The use of LLLT to manage skeletal muscle fatigue and facilitate skeletal muscle recovery is a novel area of research. Recent studies performed by our research group have shown that when LLLT and light emitting diode therapy (LEDT) are applied before exercise the onset of skeletal muscle fatigue is delayed in both animals and humans and the status of biochemical markers related to skeletal muscle recovery is improved –. These findings suggest that LLLT may have protective effects on skeletal muscle tissue.
Evidence suggests that LLLT has physiological effects that may influence soft tissue metabolism in various pathologies including increased microcirculation , enhanced ATP synthesis and stimulating of mitochondrial respiratory chain  and mitochondrial function . There are also reports that LLLT reduces the release of reactive oxygen species (ROS) and the activity of creatine kinase (CK, also known as creatine phosphokinase), and increases the production of antioxidants and heat shock proteins , .
With this perspective in mind, the aim of this study was to evaluate effects of preventive treatment with LLLT on progression of dystrophy in mdx mice, assessing skeletal muscle morphology, skeletal muscle damage and inflammation.
Materials and Methods
The experiments were started with 6 weeks old male mdx mice, housed in central animal house of Nove de Julho University with a 12-hours light/dark cycle and food and water ad libitum. Animals were purchased from the central animal house of Federal University of São Paulo (UNIFESP), Brazil. The study was conducted in accordance with policies and procedures of Brazilian laws and the Department of Health and Human Services in the USA. The experimental protocol was submitted and approved by the Animal Research and Care Committee of the Nove de Julho University, Sao Paulo, Brazil.
Ten animals were randomly divided into 2 experimental groups with 5 animals in each group:
- Placebo-control group: animals were treated with placebo LLLT (using a placebo laser probe) over the tibialis anterior muscle (bilaterally) for 5 times per week (Monday to Friday) for 14 weeks.
- LLLT group: animals were treated with active LLLT over the tibialis anterior muscle (bilaterally) for 5 times per week (Monday to Friday) for 14 weeks.
Animals were sacrificed at 20 weeks of age with an overdose of halothane 24 hours after the last LLLT treatment. After the removal of skin and connective tissue, tibialis anterior muscles were removed and processed for further analysis. Blood samples for creatine kinase (CK) analysis were collected by a single heart puncture.
Superpulsed LLLT treatment.
A GaAs diode superpulsed laser with a frequency of 700 Hz, mean output power of 15 mW and wavelength of 904 nm (infrared) was used. A complete description of LLLT parameters is presented in table 1.
The optical power of the laser device was calibrated with a Newport multifunction optical meter model 1835C, before, during and after the experiment. The stability of the laser output during laser irradiation was measured by collecting light with a partial reflect (4%). The spot size was 0.2 cm2, and the laser illumination spot was placed in direct contact with the skin (shaved) overlying the central part of tibialis anterior muscle. Animals received irradiation at this single point (bilaterally) 5 times per week (Monday to Friday) for 14 weeks. Irradiation lasted 67 s, with a fixed power density of 75 mW/cm2. The total delivered energy was 1.0 J per session for the LLLT group. The placebo-control group was treated in an identical manner using an identical laser probe that delivered 0 mW of output power (i.e. a placebo laser probe). The therapist who performed the treatment was blinded to group allocation. The energy dose chosen was based on two previous studies performed by our research group using identical LLLT parameters that found that LLLT protected skeletal muscle tissue by delaying skeletal muscle fatigue and improving biochemical markers of skeletal muscle damage in rats , . Figure 1 illustrates the laser irradiation being performed.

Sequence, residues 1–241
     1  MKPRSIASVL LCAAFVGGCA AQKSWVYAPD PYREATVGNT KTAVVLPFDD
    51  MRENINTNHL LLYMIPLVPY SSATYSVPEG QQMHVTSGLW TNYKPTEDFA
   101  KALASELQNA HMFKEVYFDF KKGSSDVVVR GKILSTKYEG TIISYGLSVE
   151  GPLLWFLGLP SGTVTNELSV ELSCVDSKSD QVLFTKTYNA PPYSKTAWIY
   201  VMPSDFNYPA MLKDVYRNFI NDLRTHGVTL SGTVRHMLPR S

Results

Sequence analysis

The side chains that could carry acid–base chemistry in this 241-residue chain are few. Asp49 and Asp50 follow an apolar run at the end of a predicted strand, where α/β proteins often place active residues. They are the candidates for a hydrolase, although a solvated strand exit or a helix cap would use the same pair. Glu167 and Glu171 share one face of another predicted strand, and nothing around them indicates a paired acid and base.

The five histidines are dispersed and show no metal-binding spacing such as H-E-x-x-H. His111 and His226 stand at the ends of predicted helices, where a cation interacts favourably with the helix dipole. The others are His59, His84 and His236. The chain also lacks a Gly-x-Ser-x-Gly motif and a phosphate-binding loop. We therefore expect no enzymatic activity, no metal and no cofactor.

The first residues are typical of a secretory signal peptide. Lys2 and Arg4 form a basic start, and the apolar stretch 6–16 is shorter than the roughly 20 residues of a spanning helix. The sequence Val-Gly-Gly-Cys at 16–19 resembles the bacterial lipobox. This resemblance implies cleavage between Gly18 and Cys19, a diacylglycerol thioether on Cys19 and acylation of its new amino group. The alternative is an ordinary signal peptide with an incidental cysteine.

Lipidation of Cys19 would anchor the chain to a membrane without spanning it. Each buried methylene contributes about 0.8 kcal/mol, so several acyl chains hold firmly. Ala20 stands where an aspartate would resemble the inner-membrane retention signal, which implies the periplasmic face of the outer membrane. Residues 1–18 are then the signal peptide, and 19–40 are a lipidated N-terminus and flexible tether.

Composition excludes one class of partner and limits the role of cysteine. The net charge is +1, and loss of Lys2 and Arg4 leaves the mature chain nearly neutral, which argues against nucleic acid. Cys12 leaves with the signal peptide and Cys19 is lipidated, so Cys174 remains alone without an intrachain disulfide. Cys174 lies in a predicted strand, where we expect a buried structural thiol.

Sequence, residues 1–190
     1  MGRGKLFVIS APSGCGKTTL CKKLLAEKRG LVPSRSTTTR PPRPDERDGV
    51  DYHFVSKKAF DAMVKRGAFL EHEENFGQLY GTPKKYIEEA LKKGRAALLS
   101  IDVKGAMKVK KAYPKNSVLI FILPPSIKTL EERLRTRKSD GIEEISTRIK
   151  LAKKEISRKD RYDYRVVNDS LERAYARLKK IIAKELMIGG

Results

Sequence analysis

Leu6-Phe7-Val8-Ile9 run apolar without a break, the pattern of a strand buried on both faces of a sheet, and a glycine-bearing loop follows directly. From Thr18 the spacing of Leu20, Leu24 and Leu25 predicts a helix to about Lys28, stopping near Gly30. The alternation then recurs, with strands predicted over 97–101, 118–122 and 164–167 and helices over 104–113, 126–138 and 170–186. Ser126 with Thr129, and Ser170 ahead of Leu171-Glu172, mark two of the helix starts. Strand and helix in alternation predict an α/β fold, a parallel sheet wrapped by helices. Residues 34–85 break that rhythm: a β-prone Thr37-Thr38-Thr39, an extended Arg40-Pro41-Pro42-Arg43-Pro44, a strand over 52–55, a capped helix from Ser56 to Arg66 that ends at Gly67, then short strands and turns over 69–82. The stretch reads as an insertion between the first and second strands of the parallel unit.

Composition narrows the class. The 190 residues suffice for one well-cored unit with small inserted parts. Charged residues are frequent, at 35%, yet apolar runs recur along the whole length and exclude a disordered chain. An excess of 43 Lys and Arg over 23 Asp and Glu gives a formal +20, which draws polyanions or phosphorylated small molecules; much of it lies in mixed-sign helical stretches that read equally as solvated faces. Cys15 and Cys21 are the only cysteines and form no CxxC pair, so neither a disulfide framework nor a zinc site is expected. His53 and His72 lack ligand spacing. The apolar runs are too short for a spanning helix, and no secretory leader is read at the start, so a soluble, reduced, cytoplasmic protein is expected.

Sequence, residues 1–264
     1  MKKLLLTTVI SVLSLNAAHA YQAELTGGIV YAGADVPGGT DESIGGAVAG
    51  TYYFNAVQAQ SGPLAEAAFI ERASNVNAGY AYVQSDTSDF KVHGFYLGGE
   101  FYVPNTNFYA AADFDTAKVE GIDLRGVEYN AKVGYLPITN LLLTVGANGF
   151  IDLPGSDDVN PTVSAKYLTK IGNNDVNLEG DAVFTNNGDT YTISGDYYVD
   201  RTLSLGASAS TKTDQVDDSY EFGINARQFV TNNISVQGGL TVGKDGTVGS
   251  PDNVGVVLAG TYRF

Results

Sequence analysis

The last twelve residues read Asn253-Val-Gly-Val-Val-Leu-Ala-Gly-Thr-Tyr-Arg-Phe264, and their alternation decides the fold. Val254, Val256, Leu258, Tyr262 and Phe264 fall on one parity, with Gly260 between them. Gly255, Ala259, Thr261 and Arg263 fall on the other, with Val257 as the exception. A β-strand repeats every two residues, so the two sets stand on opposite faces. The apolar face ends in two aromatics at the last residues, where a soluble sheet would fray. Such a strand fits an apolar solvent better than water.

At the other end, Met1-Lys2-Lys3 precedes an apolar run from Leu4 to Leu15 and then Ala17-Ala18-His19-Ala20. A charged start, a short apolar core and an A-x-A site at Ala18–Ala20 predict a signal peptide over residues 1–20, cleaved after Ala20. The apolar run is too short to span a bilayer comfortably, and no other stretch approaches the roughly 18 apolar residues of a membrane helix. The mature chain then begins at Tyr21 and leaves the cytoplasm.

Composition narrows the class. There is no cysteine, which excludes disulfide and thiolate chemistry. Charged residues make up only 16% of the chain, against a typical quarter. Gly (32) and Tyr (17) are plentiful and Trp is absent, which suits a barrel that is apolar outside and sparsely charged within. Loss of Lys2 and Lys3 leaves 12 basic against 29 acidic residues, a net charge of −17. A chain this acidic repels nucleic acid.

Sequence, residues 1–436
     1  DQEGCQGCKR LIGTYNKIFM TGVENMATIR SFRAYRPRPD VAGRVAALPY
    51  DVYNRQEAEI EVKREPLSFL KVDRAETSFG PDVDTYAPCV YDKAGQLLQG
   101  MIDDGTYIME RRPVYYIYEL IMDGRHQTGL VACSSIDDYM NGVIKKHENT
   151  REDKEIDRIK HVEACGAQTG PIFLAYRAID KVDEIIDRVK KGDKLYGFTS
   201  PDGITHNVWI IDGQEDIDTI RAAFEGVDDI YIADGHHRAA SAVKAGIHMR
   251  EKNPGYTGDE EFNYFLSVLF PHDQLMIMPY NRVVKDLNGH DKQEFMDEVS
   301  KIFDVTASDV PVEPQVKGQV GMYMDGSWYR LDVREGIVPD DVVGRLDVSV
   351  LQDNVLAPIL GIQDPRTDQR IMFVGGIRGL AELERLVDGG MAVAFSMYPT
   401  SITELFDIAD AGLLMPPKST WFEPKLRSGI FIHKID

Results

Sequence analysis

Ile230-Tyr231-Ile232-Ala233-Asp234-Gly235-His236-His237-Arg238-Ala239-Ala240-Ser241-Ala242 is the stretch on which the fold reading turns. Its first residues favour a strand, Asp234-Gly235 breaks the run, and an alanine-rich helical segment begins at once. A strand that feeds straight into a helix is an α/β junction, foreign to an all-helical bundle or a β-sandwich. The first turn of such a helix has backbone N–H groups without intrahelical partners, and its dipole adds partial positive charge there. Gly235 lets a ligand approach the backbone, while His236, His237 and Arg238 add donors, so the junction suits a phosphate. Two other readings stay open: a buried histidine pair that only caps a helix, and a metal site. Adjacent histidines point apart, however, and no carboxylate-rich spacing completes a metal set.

Analyses of histology, blood and PCR of biochemical markers were performed by a blinded observer.
Muscle tissue samples were fixed in a 10% formalin solution for 72 hours and then dehydrated in a series of alcohol baths beginning with 50% and progressing to 100% (SYNTH) and cleared in xylol for 4 hours (SYNTH). The samples were placed in adequate aluminum recipients with Paraplast for 4 hours for impregnation and then placed in a small recipient, covered with paraffin and left to harden, forming a block containing the tissue sample. Slices measuring 5 µm in thickness were cut on a microtome (LEICA RM 2125 RT), washed and placed in a water bath. The cuts were stained with hematoxylin and eosin and mounted on permanent slides for subsequent analysis under an optical microscope (Nikon, Eclipse E-200 model, China). The specimens were photographed using a microphotographic camera (Dino-Lite Digital Microscope, DinoEye AM423X model, Brazil) connected to a microcomputer. Standardized photos were taken of all groups at magnifications of ×100 and ×400.
For the analysis of CK, 3 ml of blood were collected from each animal through heart puncture immediately prior to euthanasia. The material was centrifuged and the supernatant analyzed. CK was determined using the Labtest commercial kit (Brazil). One ml of the working reagent was pipetted; 0.02 ml of the serum sample was homogenized and immediately transferred to a cubette at 37°C for 2 minutes. The reading of the initial absorbance was performed using an enzyme-linked immunosorbent assay following the instructions of the commercial kit.